Every time I see a picture of Cameron Hill from years past I sicken just a bit. It was such a beautiful little miniature version of Lookout Mountain that they made me think "mother and child." Its brutalization should never have been allowed to happen, at least in my opinion. Other cities would never have allowed such an atrocity to happen - certainly not another "Scenic City."
It was sometime about 1960 that the "Golden Gateway" project started; the Olgiati Bridge was new, and "great" new things were beginning to happen in Chattanooga.
Perhaps only the Tennessee Highway people in Nashville had any clear idea what was going to happen in our city, though, and it was all planned out in advance, and in distant places.
Bulldozers duly arrived and started the wrecking process, cutting away at the top, "to get fill-dirt" we were told, for the construction of all the new freeway systems being built throughout the city. The hill would not be entirely leveled - only the top - which would allow for "beautiful new architecture" to be constructed there.
The "beautiful new architecture" amounted to a low series of two- or three-story apartment buildings, very poorly proportioned to the former elegant sweep of the hill and doing nothing to enhance the city's beauty. The present insurance company complex is but slight improvement over the apartments that were there before. But developers loved it.
It is true that there were decaying neighborhoods at the foot of the hill (the old "West Side" on Chestnut and Pine Streets, and south along East 9th (MLK) as well. These were ultimately wiped off the map by construction of U.S. 27 and the widening of 9th Street (MLK).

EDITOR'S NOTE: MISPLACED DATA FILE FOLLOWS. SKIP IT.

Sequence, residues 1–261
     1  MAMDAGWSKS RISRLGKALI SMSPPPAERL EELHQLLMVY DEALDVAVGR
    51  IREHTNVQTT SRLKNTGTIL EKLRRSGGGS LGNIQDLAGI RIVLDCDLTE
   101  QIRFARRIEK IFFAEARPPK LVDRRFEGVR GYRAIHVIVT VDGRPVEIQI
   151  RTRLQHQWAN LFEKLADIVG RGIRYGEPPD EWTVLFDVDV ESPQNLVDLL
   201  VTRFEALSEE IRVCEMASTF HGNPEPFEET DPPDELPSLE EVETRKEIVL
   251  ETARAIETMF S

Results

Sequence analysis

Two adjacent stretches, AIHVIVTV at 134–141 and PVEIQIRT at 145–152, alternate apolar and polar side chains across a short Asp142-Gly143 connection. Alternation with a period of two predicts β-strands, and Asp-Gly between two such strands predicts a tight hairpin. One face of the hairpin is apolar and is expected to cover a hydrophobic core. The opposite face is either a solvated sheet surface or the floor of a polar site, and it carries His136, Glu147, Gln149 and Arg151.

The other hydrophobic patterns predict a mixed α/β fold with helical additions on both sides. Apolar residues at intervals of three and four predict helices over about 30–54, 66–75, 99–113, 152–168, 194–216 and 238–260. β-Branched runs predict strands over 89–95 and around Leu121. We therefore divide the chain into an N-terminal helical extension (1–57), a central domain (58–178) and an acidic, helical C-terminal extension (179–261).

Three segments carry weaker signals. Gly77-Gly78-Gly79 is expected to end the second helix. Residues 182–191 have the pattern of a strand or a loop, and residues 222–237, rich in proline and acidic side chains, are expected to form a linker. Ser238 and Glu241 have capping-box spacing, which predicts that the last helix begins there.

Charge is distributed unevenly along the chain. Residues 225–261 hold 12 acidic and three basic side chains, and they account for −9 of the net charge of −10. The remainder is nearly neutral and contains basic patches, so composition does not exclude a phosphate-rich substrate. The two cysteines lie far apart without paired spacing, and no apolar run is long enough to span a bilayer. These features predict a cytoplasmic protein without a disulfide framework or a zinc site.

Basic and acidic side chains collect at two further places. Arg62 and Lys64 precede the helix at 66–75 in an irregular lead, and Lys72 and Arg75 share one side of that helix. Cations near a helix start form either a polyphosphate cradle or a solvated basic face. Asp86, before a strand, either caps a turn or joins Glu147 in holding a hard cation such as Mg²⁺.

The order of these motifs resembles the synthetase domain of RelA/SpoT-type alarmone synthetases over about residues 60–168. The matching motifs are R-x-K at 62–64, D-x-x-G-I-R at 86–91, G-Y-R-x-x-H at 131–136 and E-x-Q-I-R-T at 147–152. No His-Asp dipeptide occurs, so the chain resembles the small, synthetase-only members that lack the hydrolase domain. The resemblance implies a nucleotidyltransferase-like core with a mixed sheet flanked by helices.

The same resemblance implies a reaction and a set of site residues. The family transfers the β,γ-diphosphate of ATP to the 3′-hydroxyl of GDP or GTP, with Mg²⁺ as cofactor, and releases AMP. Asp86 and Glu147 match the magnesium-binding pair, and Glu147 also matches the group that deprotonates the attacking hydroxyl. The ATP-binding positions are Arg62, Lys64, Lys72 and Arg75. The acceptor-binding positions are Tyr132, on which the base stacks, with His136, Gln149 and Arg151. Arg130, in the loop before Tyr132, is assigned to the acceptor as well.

But in its glory days the top of Cameron Hill had seen some good times. Industrialist Gordon Street, Sr.'s home was there overlooking the city, and a public park at the northern crest of the hill overlooked the Tennessee River and North Chattanooga in the direction of Cherokee Boulevard and Stringers Ridge across the river. The park had a large, white pavilion built in rotunda form, if I recall correctly, with tall, slender columns supporting the roof. It gave a distinctive character to the western side of town, and there was a grassy lawn for picnics where children could play.
My old high school, Kirkman Vocational HS, stood at 216 Chestnut in the exact spot where the Creative Discovery now stands! Our Alma Mater included the words, "Outlined 'gainst the Hill of Cameron." Kirkman HS students came from all over the region, but a few of them came from Cameron Hill, and they all mourned the loss of such an historic landmark.
(Chester Martin is a native Chattanoogan who is a talented painter as well as local historian. He and his wife, Pat, live in Brainerd. Mr. Martin can be reached at firstname.lastname@example.org )